The subsistence lifestyle and lack of economic opportunities prevalent in rural Alaska and the state’s highly seasonal industries have historically combined to give the state a significantly higher unemployment rate than the rest of the country.
The resident hire preference was suspended in 2013 under former Gov. Sean Parnell when the Lower 48 was continuing to recover from the Great Recession that largely missed Alaska. It was reinstated statewide in June 2015 by Gov. Bill Walker’s administration after the national unemployment rate had fallen below Alaska’s, which at the time was mostly holding steady.
According to the most recent data available from the Labor Department, nonresidents made up 20.9 percent of the Alaska workforce in 2017.
Kirby’s and SECON’s attorney Michael Geraghty wrote in the complaint that the state cannot justify upholding the Alaska hire law because there is no good reason for treating nonresidents differently than Alaskans.
Discriminating against nonresidents won’t improve the employment situation of residents because workers from Outside “are not the ‘peculiar source of the evil at which the statute is aimed,’” Geraghty wrote, citing a 1978 U.S. Supreme Court ruling that struck down a prior Alaska hire law focused at oil industry employment based on the Privileges and Immunities Clause.
“The residency law, thus, unlawfully discriminates against out-of-state individuals like Kirby who have the requisite skill, knowledge, and experience to work on publicly funded projects in Alaska, but for the residency law,” the complaint further contends.
Geraghty was attorney general for Alaska from 2012-14 under former Gov. Sean Parnell.
Kirby, according to the complaint, can make more money working on Alaska projects for roughly half the year than he can working in his home state of Washington for the same amount of time.
Kirby is a member of the International Union of Operating Engineers, Local 302, which covers Alaska, Washington and Idaho. Local 302 Juneau district representative Corey Baxter said in an interview that union contractors such as SECON call him when they need workers for projects in the area.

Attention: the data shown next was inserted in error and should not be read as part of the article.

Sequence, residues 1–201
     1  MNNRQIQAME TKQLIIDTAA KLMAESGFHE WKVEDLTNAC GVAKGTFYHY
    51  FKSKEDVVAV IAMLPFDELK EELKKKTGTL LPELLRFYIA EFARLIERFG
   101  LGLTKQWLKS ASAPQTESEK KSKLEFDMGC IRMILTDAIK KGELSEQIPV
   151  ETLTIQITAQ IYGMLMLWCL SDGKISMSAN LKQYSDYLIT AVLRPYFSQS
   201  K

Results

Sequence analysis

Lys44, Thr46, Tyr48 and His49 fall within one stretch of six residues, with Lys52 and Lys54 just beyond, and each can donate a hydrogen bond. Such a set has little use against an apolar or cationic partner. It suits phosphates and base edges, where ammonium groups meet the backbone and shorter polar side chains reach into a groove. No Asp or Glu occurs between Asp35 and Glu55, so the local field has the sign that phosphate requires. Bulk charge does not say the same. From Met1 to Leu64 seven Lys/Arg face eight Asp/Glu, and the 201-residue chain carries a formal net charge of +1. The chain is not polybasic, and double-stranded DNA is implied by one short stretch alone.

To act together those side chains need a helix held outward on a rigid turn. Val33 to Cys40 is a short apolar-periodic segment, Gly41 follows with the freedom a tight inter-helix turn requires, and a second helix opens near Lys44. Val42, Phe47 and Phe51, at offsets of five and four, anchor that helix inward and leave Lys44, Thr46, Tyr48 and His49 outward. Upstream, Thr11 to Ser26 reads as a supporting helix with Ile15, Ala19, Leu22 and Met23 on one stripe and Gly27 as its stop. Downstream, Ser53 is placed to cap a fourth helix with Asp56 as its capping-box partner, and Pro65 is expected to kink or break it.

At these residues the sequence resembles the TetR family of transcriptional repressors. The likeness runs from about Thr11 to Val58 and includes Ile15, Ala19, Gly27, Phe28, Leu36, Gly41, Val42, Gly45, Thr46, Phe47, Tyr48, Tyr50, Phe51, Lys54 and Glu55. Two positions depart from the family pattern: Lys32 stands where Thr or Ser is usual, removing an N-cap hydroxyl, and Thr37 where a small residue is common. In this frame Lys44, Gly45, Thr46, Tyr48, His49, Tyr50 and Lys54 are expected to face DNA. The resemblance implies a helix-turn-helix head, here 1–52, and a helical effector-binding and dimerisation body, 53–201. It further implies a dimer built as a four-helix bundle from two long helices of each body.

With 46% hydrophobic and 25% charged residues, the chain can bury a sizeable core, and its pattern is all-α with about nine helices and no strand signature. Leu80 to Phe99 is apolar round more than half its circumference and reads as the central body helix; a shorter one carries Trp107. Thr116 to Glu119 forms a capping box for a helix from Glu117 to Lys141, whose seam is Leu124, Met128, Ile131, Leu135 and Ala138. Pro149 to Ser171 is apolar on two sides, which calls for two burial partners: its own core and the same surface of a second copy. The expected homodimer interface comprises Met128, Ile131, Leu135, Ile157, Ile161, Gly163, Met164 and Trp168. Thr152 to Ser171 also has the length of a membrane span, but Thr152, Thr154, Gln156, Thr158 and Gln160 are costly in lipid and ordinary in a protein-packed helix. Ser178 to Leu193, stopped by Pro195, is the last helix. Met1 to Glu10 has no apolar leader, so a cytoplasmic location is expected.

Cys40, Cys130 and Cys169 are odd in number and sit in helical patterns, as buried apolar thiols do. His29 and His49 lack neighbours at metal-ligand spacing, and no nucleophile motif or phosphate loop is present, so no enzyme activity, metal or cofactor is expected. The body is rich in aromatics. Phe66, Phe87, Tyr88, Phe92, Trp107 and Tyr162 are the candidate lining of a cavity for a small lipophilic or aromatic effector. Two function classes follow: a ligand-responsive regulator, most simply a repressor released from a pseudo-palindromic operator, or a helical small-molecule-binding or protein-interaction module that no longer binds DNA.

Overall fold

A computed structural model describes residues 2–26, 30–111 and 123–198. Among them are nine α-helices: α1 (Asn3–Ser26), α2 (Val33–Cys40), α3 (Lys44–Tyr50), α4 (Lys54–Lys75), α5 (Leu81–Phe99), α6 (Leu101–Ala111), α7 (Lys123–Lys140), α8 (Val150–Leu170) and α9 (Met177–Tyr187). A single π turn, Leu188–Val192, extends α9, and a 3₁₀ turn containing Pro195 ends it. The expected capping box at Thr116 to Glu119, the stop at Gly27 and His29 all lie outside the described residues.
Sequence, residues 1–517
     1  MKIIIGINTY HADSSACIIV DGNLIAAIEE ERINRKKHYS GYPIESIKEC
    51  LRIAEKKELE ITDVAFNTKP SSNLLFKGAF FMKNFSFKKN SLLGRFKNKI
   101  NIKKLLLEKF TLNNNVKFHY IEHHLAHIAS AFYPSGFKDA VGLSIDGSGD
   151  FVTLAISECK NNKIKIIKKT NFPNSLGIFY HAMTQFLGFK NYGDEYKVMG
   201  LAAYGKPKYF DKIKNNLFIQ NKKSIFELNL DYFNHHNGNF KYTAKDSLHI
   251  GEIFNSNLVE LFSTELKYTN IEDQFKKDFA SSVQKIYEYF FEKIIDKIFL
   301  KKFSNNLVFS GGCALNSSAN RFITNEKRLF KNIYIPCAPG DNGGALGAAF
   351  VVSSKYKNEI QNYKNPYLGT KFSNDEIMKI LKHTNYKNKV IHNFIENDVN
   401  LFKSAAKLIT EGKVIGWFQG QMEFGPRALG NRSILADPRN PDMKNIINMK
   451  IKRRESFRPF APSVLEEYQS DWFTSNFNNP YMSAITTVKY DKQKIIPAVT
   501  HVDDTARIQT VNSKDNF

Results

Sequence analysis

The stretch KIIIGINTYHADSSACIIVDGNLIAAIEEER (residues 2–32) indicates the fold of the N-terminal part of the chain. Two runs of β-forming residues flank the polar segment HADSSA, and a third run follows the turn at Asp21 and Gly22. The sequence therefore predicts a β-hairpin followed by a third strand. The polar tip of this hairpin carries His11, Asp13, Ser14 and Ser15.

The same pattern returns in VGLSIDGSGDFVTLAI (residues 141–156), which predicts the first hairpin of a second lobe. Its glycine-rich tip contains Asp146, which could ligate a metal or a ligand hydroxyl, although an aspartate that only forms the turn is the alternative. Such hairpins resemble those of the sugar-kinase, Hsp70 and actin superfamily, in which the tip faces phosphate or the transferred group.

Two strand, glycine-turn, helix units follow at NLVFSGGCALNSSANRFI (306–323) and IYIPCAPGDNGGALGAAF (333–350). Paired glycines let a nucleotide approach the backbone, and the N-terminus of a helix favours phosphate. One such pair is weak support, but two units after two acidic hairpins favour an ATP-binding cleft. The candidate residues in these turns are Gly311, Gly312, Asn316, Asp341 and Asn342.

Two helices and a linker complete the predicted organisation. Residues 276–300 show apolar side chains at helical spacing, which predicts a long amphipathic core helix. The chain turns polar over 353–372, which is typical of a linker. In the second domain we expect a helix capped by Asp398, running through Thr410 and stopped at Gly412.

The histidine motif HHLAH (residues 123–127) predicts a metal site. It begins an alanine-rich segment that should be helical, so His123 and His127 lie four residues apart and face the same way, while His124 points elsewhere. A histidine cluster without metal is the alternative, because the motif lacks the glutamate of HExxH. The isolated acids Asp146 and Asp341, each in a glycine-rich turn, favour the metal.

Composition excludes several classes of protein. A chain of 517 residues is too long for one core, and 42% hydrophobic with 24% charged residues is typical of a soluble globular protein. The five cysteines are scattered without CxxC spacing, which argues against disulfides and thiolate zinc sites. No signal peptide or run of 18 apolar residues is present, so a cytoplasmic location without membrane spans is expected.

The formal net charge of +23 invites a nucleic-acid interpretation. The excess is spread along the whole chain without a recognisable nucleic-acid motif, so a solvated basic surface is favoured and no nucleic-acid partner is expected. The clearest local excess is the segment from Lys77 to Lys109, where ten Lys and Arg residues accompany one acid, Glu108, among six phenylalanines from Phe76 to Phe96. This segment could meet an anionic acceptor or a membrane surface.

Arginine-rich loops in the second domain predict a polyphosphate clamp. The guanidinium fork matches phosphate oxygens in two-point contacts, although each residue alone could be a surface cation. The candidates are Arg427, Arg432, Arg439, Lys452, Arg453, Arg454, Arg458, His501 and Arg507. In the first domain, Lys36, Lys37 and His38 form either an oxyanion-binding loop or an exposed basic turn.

Baxter subsequently calls Local 302 union halls in Anchorage and Fairbanks if there are not enough Southeast workers to fill projects. However, he said it can be a challenge to get workers to temporarily relocate, particularly in summer when work is plentiful.
“We can’t force somebody to come down to help,” Baxter said.
He added that union officials always try to hire in state when they can, but sometimes they have to go Outside to meet the labor demand.
SECON’s complaint lays out a similar scenario.
The state does have a detailed process by which companies can have the local hire requirement waived on a case-by-case basis; it includes advertising the positions that need to be filled statewide for at least three days, according to an informational paper published by the Labor Department.
The Associated General Contractors of Alaska, a trade group that represents numerous contractors subject to Alaska hire requirements, issued the following statement from Executive Director Alicia Siira.
"In the construction industry, few people believe in local and Alaska hire more than we do," she said. "This determination will not open the floodgates to Outside contractors coming to Alaska. It costs more for a contractor to import labor from the Lower 48 than it does to hire local. The public projects that the Alaska hire law applies to have a prevailing wage requirement — workers are paid at published rates. These requirements also include paying $100 per day to workers whose domicile is more than a specific number of miles away from the job. There are not margins on construction projects to allow contractors to hire Outside labor unless it's absolutely necessary because workers are not available. And why would they? The excellent training Alaskans recieve in the construction trades results in some of the best trained workers in the country, and our industry wants to make sure they stay in Alaska."